Contrary to the views of most other insurance companies, Robert Benmosche, AIG president and CEO, said, “in a way, we see it as a big positive.”

The comments were linked to the announcement — after the market closed — that the Treasury Department is selling 163,934,426 shares of its AIG common stock at $30.50 per share in a public offering.

AIG issued a simultaneous announcement that it has agreed to purchase 98,360,656 IPO shares at the public offering price of $30.50.

At the same time, Benmosche did not specifically say when Fed regulation would begin, and analysts did not ask him.

That’s because the new IPO is unlikely to trigger immediate Fed regulation.

It was believed that AIG would come under Fed oversight as a SIFI once federal ownership of the company dipped below 50 percent.

But, analysts believe that the new offering will still leave Treasury owning 54 percent of AIG stock, below the 50 percent threshold needed to trigger federal regulation of AIG as a SIFI.

Benmosche brought the issue of federal regulation to the front burner by initiating the conference call Friday morning that followed AIG’s second quarter earnings announcement by saying, “We're often asked about regulation.”

He said he views it that way because it would help AIG handle what he downplayed as the 2008 “bump in the night” that, in fact, triggered a federal rescue of massive proportions.

“We really don't know when we will be regulated but we do believe we will be regulated by the Federal Reserve probably,” Benmosche said at the time. “That seems the most likely candidate and we're putting an enormous amount of effort and cost to make sure that we are Fed-ready …”

The AIG purchase of its own shares from Treasury is expected to cost $3 billion, money it has set aside to purchase the shares.

However, the final level of Treasury ownership that will remain depends on how much Treasury gets for the remainder of the offering.

And, a further factor is that Treasury has granted the underwriters a 30-day over-allotment option with respect to approximately 24.6 million additional shares of AIG common stock.
In his comments, Benmosche said AIG has made a comprehensive study of how it will be impacted by federal regulation, and that its only concern is whether it should divest itself of its Wilton, Conn.-based thrift.

He acknowledged that AIG “is giving thought to whether we should now close the bank we have because we're concerned about that aspect of it, and an insurance company invests very differently than a bank would …”

But aside from that issue, he said, “This is really about making sure we have really good process and good controls, especially in the risk management arena, very good controls around how we determine we can handle a bump in the night that happened in 2008, for example.”

He said AIG has “discussed internally” the effects the Volcker Rule could have, and “so there is a little concern there.”

The Volcker rule, which is still being drafted, would severely limit the ability of financial firms to invest in private equity deals for their own account.

But, he said, the key is that insurance regulators have capital maintenance agreements as to how much the capital subsidiaries they regulate must have, so, “The real question becomes the amount of money that we hold at the holding company above all of the regulated entities; and to the extent that we own these regulated entities, what requirements the Fed may have.”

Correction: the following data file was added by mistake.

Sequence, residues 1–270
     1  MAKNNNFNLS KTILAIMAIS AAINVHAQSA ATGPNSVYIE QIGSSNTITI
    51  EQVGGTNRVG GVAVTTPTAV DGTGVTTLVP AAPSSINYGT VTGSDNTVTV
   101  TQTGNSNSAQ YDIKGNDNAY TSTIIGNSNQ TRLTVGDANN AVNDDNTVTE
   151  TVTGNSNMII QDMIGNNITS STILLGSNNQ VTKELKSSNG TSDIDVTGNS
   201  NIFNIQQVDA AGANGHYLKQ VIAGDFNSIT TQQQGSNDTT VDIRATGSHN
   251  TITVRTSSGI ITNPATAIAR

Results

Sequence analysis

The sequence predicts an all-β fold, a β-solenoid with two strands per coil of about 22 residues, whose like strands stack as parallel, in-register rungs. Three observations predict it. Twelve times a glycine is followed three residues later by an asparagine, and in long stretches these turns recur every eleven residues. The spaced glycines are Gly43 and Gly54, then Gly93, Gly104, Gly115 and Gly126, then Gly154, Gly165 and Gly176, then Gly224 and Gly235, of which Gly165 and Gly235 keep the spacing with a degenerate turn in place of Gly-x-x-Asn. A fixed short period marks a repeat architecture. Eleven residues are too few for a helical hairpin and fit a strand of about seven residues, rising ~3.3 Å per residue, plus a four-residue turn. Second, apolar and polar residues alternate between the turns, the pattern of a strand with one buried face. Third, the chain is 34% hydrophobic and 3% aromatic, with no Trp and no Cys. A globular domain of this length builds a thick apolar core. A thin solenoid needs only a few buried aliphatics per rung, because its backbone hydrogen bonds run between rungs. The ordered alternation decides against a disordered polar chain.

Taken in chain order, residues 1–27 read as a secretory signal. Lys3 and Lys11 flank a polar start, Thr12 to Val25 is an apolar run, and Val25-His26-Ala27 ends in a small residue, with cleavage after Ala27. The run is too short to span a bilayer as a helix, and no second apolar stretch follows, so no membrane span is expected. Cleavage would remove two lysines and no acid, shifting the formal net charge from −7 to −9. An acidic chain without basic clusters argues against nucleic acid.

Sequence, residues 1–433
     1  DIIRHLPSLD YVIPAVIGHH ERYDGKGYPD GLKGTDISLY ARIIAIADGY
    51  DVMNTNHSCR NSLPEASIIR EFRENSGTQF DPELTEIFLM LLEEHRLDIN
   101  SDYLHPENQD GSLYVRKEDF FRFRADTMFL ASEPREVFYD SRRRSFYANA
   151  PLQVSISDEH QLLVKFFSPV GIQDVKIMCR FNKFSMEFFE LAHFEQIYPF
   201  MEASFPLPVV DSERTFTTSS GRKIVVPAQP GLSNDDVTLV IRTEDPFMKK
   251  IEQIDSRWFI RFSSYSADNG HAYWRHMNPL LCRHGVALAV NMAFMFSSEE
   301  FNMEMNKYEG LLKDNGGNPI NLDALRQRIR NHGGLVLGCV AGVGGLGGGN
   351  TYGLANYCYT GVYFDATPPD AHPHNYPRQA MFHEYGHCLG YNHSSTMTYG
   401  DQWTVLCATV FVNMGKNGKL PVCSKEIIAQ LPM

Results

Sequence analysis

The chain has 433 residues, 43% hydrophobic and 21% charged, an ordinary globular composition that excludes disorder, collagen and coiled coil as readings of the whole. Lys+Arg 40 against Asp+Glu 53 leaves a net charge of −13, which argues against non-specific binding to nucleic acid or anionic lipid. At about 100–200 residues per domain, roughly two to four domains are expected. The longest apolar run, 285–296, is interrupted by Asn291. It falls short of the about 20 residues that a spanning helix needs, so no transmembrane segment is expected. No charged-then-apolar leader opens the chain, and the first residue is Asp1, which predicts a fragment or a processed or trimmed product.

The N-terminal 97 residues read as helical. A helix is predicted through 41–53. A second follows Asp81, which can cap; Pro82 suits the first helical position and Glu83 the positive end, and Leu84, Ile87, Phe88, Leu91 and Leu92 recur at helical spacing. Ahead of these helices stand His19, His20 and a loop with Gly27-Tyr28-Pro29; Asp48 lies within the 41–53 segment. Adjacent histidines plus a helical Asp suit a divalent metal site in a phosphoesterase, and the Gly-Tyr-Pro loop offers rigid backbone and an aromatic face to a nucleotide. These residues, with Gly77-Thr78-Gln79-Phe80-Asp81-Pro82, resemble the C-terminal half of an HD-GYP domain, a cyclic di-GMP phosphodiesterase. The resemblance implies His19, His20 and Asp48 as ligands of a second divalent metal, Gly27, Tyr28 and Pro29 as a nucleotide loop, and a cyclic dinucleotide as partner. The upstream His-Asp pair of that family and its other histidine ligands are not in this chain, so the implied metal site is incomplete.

For example, AIG has capital and maintenance agreements, which says it can contribute money back into the insurance companies if risk-based capital is full. “We've got to make sure that money is actually there and is available if, in fact, there is a crisis at an insurance company,” Benmosche said.

And so having the Fed regulate that money and making sure that when we have a liquidity plan — we have one — that's reassuring to the insurance regulators that are looking at AIG's ability to live up to its commitment. So in a way, we see [Fed regulation] as a big positive.”

Currently, the Treasury Department holds 61 percent of AIG. The Treasury interest stems from federal intervention starting in September 2008 through the Federal Reserve Board. The Fed agreed to provide $182.3 billion in cash aid to AIG in return for 79.9 percent of its stock.

The Fed and Treasury ultimately provided more aid through special purpose vehicles (SPVs) created by the Fed, guarantees on its commercial paper, and aid through the Troubled Asset Relief Program and other Treasury programs.

The Fed has since been paid off, either through sale of AIG assets contained in the SPVs, or through acquisition of AIG stock held by the Treasury.

AIG has been working hard to bring down the government’s investment as soon as possible, hopefully by the fall, and Friday night’s announcement was part of that.

Other insurers, both property casualty and life, are also expected to be designated as SIFIs, but they are fighting it tooth and nail, and enlisting the help of members of Congress to support their position.

They could be eligible for Fed regulation either by being designated SIFI or because they own thrift-holding companies.

A number of insurers which operate thrifts are moving to either divest their thrifts or reduce their involvement with them.

These include Prudential Insurance Company, Massachusetts Mutual Insurance Company and W.R. Berkley.

During the conference call, in answering an analysts’ question, Benmosche ran down the laundry list of anxieties businesses have over federal rules designed to tighten regulation of American companies this decade, for example, the so-called Sarbanes-Oxley Act.

“Look, a lot of us were frustrated with SOX 404 and so on,” Benmosche said. “It was a lot of form over substance, but the process itself made sure companies really thought through the controls they need to have to make sure that they issue numbers that are correct.”

And so we see [Fed regulation] as an enhancement to that process, and so it's really about process, policies, and making sure we have really good controls over some of the assumptions around our liquidity and so on,” Benmosche said.

The American Insurance Association, which represents property casualty insurers, stated that "property-casualty insurers engaged in regulated insurance activities do not pose a threat to financial stability and therefore should be screened out of the SIFI designation process. As we have stressed all along, AIA believes that if members of the Council correctly apply risk-related factors, they will conclude that property-casualty insurers are not the types of companies that should be subjected to heightened prudential supervision."

Originally published on LifeHealthPro.com